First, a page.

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Historic Treme Is Subject of Exhibit

January 28, 2011 3:30 AM
 | 
Nick Marinello mr4@tulane.edu
  

Beginning in the 1930s, artist Ralston Crawford made several trips to New Orleans to photograph its vibrant African American culture. A number of his images depicting life in one of the city's most historic neighborhoods provides a lively visual centerpiece for “Tremé: People and Places,” an exhibition now on view at the Tulane Southeastern Architectural Archive.

Treme

The vibrant culture of the neighborhood is captured in this photo, “Tremé Second Line on North Derbigny,” 1958. (Ralston Crawford Collection, Hogan Jazz Archive)


Developed on a tract of land purchased by the city from property owner by Claude Tremé in 1810, the neighborhood that eventually flourished is considered to have comprised the largest community of free black and Creole people in the antebellum South. It's one that also reflects a large cultural diversity, says Keli Rylance, head of the archives and a curator of the exhibition.

“It's been a very rich mixed neighborhood since its founding,” says Rylance. “It included immigrants from China, Spain, France, Italy, Greece, as well Africans and transplants from Caribbean island nations. It continues to be a complex and multilayered place.”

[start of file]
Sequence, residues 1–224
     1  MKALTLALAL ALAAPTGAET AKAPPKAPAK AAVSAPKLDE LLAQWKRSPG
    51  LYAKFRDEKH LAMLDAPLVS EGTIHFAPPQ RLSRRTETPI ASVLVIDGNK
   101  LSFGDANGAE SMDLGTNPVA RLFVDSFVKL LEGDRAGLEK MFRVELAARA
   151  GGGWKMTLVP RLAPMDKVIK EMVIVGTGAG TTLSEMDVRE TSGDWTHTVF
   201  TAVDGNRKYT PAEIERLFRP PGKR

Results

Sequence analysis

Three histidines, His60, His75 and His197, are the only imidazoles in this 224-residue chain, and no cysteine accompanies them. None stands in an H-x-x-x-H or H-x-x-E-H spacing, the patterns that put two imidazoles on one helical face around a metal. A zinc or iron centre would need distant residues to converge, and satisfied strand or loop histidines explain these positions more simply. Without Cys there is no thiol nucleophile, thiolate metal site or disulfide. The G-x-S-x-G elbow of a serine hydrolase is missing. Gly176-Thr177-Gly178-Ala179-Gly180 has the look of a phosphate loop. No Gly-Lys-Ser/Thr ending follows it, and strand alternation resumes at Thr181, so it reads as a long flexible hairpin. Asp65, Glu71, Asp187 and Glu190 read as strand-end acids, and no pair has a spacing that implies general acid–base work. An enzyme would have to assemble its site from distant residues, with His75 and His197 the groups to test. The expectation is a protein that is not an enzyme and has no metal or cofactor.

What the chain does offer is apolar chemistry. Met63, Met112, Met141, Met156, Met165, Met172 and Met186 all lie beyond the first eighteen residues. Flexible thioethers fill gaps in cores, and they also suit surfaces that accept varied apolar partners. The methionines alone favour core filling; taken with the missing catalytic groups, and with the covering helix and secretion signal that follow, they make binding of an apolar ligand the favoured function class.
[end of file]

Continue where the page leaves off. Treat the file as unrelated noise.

It's also a neighborhood that has maintained its integrity despite forces of urban renewal, including the demolition of the famed Storyville red light district, widespread demolition associated with the development of public housing complexes, Louis Armstrong Park and the raised I-10 freeway.

Treme

Another facet of Treme history is shown in this drawing, “Iberville Housing Project, 1939-40,” Herbert A. Benson, George H. Christy, and William E. Spink. (Benson & Riehl Collection, Southeastern Architectural Archive.)


Along with photographs the exhibit features architectural drawings, city directories, cartographic documents, fire insurance plans and property assessments. “These documents suggest urban growth dynamics, as well as historical notions regarding class and national identity,” says Rylance.

It can take up to a year to put together an exhibit such as “Tremé: People and Places.” The effort is worth it, Rylance says, because it allows the archive to communicate to the public that it houses more than architectural records of grand buildings.

“We have material associated with more ordinary structures: laundromats, juke joints, fish shacks, landscaping, public market places.”

“Tremé: People and Places” will be on view through Nov. 4 in room 300 of Jones Hall on the uptown campus.